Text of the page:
The way we say things can matter as much as what we are saying. Adjust your heart and your face to communicate effectively with your loved ones.
Picture this: It’s Christmas morning and a young boy wakes up at the crack of dawn. His eyes are big with delight and his smile even bigger as he rushes from his bedroom to the Christmas tree. His parents can see it all over their son’s little face—he is excited!
It’s amazing how feelings show unmistakably on the faces of young children. They don’t mask what’s on their minds. Their facial expressions clearly reflect what’s going on in their hearts.
That’s not the case for most men. Life has taught us to guard our thoughts and feelings. We abide by the macho motto, “Never let them see you sweat.” Having a killer “poker face” is admired among the culture of men. Our life experiences have taught us to keep the game face on due to the hurt others have caused us, and because the “mythical American man” culture reinforces this message. But the glorified “strong, silent type” doesn’t fly with our kids.
BEHIND THE MASK
Masking emotions doesn’t help build healthy relationships—especially with our children. And when our facial expressions keep people out of our lives, we’ve got a problem.
When you approach another man in the yard, at work, or in your blockhouse, does his face invite you to say “hello,” or to say anything at all? Probably not! Mythical manhood in America has taught us to use facial expressions to “ward off.” We believe that looking tough keeps others from using us. While this might sometimes be necessary in the “prison world,” all too often we follow those same rules during visits and in phone calls to the people closest to us.
Does your expression tell your child that you are “approachable,” or does she have to wait until you’re in the right mood to talk to you? If I asked your family who would they say look like most often? Clint “Do you feel lucky, punk?” Eastwood—or Jesus Christ, who said, “Let the little children come to me, and do not hinder them”?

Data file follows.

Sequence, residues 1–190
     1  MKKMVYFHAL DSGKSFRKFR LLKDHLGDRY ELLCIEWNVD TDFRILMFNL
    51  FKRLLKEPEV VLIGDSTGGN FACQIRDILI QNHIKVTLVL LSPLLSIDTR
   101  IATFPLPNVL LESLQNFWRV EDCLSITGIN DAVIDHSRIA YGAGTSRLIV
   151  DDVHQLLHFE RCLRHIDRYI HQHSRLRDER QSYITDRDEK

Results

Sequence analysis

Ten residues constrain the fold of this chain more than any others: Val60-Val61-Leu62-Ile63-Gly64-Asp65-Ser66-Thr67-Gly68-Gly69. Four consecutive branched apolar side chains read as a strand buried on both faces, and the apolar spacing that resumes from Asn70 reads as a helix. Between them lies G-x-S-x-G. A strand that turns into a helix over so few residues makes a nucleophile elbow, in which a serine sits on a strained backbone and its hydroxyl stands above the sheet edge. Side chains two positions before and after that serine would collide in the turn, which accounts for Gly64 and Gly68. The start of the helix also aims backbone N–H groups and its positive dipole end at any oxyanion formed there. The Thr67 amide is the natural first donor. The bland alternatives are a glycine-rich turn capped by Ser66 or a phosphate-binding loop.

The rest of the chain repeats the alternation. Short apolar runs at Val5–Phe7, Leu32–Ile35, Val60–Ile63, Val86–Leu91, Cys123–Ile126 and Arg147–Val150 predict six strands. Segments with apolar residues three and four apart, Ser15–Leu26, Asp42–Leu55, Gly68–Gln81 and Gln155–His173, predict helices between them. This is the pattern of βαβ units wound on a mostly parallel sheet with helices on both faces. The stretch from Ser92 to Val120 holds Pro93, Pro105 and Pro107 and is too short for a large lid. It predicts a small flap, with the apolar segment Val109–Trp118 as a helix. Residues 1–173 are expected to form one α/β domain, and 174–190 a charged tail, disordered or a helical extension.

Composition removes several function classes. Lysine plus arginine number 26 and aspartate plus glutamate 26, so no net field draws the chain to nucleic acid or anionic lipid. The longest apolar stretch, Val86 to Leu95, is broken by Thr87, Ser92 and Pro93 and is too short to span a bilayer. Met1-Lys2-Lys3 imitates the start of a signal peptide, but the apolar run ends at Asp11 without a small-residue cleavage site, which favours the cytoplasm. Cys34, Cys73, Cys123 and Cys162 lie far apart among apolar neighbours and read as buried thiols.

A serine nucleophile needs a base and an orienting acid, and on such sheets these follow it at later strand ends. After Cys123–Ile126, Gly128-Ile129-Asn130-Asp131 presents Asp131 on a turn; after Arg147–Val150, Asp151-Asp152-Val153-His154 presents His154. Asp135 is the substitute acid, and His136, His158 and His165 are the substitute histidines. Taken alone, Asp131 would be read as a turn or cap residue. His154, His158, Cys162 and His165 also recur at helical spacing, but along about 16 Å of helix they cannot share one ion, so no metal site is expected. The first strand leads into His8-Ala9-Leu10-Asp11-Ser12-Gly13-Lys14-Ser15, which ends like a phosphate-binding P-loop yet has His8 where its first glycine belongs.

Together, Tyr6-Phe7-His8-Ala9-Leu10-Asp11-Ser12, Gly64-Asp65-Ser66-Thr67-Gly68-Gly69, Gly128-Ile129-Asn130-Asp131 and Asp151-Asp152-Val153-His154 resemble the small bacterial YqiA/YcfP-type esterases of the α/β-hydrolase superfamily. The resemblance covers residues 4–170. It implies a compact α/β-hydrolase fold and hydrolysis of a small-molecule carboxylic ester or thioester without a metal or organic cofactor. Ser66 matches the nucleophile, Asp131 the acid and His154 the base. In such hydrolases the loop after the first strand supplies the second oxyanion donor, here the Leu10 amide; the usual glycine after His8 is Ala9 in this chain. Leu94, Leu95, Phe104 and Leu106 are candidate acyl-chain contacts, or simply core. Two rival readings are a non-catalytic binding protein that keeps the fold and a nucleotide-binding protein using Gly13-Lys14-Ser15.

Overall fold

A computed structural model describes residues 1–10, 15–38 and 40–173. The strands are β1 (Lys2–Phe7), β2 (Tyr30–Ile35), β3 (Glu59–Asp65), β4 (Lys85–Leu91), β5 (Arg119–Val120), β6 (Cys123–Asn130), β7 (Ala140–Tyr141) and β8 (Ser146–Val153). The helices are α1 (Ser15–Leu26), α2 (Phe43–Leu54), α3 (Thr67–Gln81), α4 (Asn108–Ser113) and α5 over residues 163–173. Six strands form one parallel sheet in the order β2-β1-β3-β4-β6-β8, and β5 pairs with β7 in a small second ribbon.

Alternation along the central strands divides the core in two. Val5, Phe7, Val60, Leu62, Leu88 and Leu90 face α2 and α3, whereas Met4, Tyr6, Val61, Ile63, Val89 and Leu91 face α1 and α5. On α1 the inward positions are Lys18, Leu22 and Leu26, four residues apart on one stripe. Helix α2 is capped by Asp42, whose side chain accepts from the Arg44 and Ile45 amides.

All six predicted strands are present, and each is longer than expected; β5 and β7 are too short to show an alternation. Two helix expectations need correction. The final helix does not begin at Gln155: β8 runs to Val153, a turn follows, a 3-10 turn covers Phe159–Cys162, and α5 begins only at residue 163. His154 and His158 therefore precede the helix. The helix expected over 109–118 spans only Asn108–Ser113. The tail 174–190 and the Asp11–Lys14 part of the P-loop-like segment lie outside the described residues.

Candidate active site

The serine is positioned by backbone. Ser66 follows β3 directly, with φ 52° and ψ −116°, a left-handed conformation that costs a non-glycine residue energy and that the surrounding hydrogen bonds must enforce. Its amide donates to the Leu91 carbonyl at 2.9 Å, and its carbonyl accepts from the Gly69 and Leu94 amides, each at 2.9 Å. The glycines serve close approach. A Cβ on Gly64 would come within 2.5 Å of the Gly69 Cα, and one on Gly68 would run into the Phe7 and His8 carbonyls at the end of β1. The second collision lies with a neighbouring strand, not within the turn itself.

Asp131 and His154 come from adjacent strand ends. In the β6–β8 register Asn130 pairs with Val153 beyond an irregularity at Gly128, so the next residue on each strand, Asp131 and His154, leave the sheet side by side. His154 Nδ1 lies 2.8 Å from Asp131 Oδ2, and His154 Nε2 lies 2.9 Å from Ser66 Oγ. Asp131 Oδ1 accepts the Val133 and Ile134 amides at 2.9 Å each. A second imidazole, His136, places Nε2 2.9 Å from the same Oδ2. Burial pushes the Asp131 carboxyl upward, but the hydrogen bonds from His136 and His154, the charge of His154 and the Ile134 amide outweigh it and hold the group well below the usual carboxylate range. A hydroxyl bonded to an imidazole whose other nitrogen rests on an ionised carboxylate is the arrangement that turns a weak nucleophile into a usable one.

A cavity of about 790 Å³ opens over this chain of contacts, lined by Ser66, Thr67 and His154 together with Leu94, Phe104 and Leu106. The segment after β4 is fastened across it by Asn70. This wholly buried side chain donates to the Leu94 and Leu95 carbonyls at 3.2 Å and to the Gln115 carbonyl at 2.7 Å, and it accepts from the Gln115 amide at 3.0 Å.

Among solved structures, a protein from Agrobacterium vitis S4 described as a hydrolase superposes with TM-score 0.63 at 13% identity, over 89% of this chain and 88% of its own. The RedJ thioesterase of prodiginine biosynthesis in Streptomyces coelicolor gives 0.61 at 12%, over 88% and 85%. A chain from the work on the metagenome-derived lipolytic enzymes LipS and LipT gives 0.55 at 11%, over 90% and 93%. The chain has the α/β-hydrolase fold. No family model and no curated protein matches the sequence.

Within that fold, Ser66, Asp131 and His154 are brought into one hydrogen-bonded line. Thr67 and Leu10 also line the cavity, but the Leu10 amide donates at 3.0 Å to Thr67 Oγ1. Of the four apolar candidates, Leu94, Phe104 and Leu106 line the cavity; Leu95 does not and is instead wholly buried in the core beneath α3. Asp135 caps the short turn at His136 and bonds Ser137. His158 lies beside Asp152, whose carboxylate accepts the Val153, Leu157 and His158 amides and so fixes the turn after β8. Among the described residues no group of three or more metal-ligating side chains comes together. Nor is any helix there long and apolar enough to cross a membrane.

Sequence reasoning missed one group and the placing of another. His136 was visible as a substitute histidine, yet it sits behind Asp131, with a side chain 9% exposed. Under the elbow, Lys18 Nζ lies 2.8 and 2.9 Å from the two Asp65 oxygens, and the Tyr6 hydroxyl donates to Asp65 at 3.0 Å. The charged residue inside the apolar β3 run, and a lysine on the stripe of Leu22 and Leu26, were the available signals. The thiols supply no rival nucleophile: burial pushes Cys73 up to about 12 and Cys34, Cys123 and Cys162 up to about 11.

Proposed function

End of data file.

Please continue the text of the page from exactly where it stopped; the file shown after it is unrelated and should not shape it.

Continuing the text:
Our facial expressions reflect either a genuine heart or a mask that hides our true feelings. If we’ve truly given our lives to Jesus shouldn’t our faces reflect that change? Especially with our children and loved ones?
When a military officer yells “About face!” his soldiers turn their faces 180 degrees to face the opposite direction. In terms of how we express our emotions, it’s time for us to do an about face, as well.
Ditching bad tough guy habits is difficult, but very possible! Our heavenly Father gives us the virtues we need to replace the old with the new. In the Bible, Galatians 5:22 talks about love, joy, peace, patience, kindness, goodness, faithfulness, gentleness, and self-control. It sounds unrealistic in prison, but God did not say these virtues work for everyone except prisoners. And of our kids deserve the effort. Here are three things you can do to cultivate these virtues:
- On a sheet of paper, list each virtue above. Rank yourself on a scale of 1-10 on how well your daily life exhibits each virtue.
- Identify your lowest ranking virtue and begin making that a focus of your prayer times and scriptural studies within a small fellowship of fathers.
- Discuss within your fellowship of fathers how you can model and mentor these virtues into your children and grandchildren through letters, phone calls, and during visits.
Practicing these virtues will be reflected on our faces. And this Christmas is the perfect opportunity for you to show your family the change that’s happening inside you. You won’t have to tell them. It’s a change that can be heard in your voice during phone calls, shared in your letters and emails, and revealed on your face during visits.
With change reflected in your face, you can expect your children to react differently. Over time, they’ll grow more comfortable around you, and will be more and more excited to see you.
Pray for these virtues, and then put them into action. Throw out your old mask and unwrap a brand new way to connect with your kids!
Randell D. Turner, PhD is the senior associate with ICF International. He also developed the Helping Offenders Parent Effectively program for the Pennsylvania DOC.